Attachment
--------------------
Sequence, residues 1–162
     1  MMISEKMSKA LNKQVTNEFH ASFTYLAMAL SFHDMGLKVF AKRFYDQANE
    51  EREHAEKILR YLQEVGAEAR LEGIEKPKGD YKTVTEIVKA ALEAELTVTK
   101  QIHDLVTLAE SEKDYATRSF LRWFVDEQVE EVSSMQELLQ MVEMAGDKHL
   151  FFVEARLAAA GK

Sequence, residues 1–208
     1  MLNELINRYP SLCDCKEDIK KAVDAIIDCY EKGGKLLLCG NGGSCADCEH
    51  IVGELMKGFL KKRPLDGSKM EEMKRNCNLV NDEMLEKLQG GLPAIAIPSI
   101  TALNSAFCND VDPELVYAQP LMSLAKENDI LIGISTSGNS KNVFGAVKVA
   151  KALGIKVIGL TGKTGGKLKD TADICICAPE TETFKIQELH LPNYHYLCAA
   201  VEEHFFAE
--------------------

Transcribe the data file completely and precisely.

Sequence, residues 1–162
     1  MMISEKMSKA LNKQVTNEFH ASFTYLAMAL SFHDMGLKVF AKRFYDQANE
    51  EREHAEKILR YLQEVGAEAR LEGIEKPKGD YKTVTEIVKA ALEAELTVTK
   101  QIHDLVTLAE SEKDYATRSF LRWFVDEQVE EVSSMQELLQ MVEMAGDKHL
   151  FFVEARLAAA GK

Sequence, residues 1–208
     1  MLNELINRYP SLCDCKEDIK KAVDAIIDCY EKGGKLLLCG NGGSCADCEH
    51  IVGELMKGFL KKRPLDGSKM EEMKRNCNLV NDEMLEKLQG GLPAIAIPSI
   101  TALNSAFCND VDPELVYAQP LMSLAKENDI LIGISTSGNS KNVFGAVKVA
   151  KALGIKVIGL TGKTGGKLKD TADICICAPE TETFKIQELH LPNYHYLCAA
   201  VEEHFFAE